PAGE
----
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Latin I, Part 1 (WLG130A)

Latin I, Part 1 (WLG130A)

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Quick Overview

Since mastering a classical language presents different challenges from learning a spoken world language, students learn Latin through ancient, time-honored, classical language approaches which include repetition, parsing, written composition, and listening exercises. These techniques, combined with a modern multimedia approach to learning grammar, syntax, and vocabulary, provide students with a strong foundation for learning Latin.

Teacher-Led Course (one-time payment)   $475.00

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Details

Course Overview

Since mastering a classical language presents different challenges from learning a spoken world language, students learn Latin through ancient, time-honored, classical language approaches which include repetition, parsing, written composition, and listening exercises. These techniques, combined with a modern multimedia approach to learning grammar, syntax, and vocabulary, provide students with a strong foundation for learning Latin. Each unit consists of a new vocabulary theme and grammar concept, reading comprehension activities, writing activities, multimedia culture, history, and mythology presentations, and interactive activities and practices which reinforce vocabulary and grammar. There is a strong emphasis on engaging with authentic classical Latin through weekly encounters with ancient passages from such prestigious authors as Virgil, Ovid, and Lucretius. The curriculum concurs with the Cambridge school of Latin; therefore, students will learn ancient high classical styles of pronunciation and grammar in lieu of generally less sophisticated medieval styles, making it possible for students to comprehend the most Latin from the widest range of time periods. Students should expect to be actively engaged in their own language learning, become familiar with common vocabulary terms and phrases, comprehend a wide range of grammar patterns, understand and analyze the cultural and historical contexts of the ancient sources they study, and take frequent assessments where their language progression can be monitored. The course has been carefully aligned to national standards as set forth by ACTFL (the American Council on the Teaching of Foreign Languages).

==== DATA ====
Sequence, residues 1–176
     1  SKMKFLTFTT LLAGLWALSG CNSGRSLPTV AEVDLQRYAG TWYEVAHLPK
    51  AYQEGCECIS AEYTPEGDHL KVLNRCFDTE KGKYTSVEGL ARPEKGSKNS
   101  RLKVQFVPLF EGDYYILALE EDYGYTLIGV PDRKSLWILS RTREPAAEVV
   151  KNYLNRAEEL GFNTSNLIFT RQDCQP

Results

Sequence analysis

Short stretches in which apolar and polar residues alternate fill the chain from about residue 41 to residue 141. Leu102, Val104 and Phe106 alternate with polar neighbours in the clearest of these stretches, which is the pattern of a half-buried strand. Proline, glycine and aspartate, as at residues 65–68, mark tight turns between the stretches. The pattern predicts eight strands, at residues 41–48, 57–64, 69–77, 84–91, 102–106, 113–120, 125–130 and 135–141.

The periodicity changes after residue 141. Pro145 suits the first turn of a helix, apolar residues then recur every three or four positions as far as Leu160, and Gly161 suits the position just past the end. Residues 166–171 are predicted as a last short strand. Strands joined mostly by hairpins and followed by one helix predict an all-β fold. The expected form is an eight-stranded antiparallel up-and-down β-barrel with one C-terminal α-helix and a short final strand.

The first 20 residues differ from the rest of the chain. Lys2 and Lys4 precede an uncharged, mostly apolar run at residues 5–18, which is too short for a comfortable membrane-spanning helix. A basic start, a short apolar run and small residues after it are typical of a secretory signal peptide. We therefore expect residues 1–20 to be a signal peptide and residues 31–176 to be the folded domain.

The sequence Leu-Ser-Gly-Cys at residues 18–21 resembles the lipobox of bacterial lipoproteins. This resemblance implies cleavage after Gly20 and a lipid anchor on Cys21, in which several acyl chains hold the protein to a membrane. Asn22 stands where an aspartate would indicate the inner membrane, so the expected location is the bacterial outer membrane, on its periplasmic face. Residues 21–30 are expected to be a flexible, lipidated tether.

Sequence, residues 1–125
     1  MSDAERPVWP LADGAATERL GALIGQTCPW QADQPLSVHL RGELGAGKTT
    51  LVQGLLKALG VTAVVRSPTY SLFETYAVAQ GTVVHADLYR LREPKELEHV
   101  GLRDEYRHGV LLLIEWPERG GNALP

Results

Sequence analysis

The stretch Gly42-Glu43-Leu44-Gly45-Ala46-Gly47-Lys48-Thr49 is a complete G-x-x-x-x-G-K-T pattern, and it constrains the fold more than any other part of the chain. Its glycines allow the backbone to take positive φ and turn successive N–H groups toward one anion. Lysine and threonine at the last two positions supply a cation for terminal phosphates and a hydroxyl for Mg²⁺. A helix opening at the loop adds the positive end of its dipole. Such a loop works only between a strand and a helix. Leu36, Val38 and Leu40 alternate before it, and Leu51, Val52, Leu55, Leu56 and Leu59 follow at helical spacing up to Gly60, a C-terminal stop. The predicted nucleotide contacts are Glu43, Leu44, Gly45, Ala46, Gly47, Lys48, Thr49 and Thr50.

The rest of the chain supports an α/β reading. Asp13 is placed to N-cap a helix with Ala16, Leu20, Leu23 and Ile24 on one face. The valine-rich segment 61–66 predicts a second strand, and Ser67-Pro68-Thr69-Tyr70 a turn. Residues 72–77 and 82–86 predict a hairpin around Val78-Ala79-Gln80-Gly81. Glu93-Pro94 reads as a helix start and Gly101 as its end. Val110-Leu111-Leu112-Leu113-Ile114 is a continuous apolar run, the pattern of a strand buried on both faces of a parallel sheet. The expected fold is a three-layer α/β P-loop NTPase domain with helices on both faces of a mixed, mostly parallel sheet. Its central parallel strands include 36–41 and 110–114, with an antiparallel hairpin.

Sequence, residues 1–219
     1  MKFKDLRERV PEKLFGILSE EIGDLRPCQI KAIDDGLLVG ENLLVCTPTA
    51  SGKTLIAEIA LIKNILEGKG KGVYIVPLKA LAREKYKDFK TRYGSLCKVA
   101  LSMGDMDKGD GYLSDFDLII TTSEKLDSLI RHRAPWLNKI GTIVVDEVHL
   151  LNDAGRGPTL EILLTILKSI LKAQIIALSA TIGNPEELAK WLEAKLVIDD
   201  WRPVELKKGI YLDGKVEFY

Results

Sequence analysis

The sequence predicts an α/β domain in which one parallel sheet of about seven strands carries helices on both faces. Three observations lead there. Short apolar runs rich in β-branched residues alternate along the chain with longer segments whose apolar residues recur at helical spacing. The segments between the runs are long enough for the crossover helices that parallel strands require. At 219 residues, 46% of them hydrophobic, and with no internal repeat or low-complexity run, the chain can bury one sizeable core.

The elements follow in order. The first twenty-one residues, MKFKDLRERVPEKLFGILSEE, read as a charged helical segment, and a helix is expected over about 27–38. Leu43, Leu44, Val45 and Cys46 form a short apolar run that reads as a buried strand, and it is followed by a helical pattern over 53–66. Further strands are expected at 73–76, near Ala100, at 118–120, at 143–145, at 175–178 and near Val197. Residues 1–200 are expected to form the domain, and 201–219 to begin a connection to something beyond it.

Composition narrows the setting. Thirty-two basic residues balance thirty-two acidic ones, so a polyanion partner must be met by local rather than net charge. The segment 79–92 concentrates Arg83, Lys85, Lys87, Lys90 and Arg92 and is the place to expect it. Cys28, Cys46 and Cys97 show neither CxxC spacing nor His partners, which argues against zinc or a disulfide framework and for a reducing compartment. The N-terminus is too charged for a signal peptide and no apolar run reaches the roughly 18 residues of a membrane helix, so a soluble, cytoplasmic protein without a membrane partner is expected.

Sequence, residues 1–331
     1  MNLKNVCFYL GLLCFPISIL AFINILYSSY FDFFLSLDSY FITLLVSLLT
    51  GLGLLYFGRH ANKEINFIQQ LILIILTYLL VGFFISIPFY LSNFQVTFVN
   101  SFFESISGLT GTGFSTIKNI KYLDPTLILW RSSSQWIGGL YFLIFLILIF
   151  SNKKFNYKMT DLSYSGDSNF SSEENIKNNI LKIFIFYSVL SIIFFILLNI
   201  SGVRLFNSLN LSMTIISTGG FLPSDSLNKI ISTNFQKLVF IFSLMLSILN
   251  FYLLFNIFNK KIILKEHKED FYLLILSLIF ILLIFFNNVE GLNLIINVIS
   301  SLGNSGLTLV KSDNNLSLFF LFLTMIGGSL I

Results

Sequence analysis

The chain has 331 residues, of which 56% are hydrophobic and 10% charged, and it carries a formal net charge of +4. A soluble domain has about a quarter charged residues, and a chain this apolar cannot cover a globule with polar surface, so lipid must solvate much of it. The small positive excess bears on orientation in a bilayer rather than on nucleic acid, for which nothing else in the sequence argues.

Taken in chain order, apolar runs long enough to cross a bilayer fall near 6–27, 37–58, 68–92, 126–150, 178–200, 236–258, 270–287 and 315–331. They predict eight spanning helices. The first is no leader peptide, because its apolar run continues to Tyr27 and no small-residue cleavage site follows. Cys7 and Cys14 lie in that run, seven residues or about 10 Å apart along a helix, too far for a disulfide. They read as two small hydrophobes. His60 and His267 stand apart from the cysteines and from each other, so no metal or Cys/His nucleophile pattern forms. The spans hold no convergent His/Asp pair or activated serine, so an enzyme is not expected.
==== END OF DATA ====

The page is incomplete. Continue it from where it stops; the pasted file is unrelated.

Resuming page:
Course Outline

The High School Latin I course helps students

  • Engage in language learning
  • Master common vocabulary terms and phrases
  • Comprehend a wide range of grammar patterns
  • Engage with primary sources from ancient Roman authors
  • Generate language incorporating basic vocabulary and grammar patterns
  • Read and write for meaning in basic Latin
  • Analyze and compare cultural practices, products, and perspectives of various Greek and Roman cultures
  • Regularly assess progress in proficiency through quizzes, tests, and speaking/writing submissions

Vocabulary Theme

  • Each unit presents a new set of vocabulary words pertaining to a particular theme. Each topic is first presented in context and then the vocabulary is further practiced through a variety of interactive activities and practices. A printable vocabulary list is also provided.

Grammar Concept

  • Each unit introduces a new grammar pattern. The concept is first introduced in a contextualized situation and then presented in a multimedia grammar animation. The concept is then further practiced in several interactive activities throughout the unit. A printable explanation of the pattern is also provided.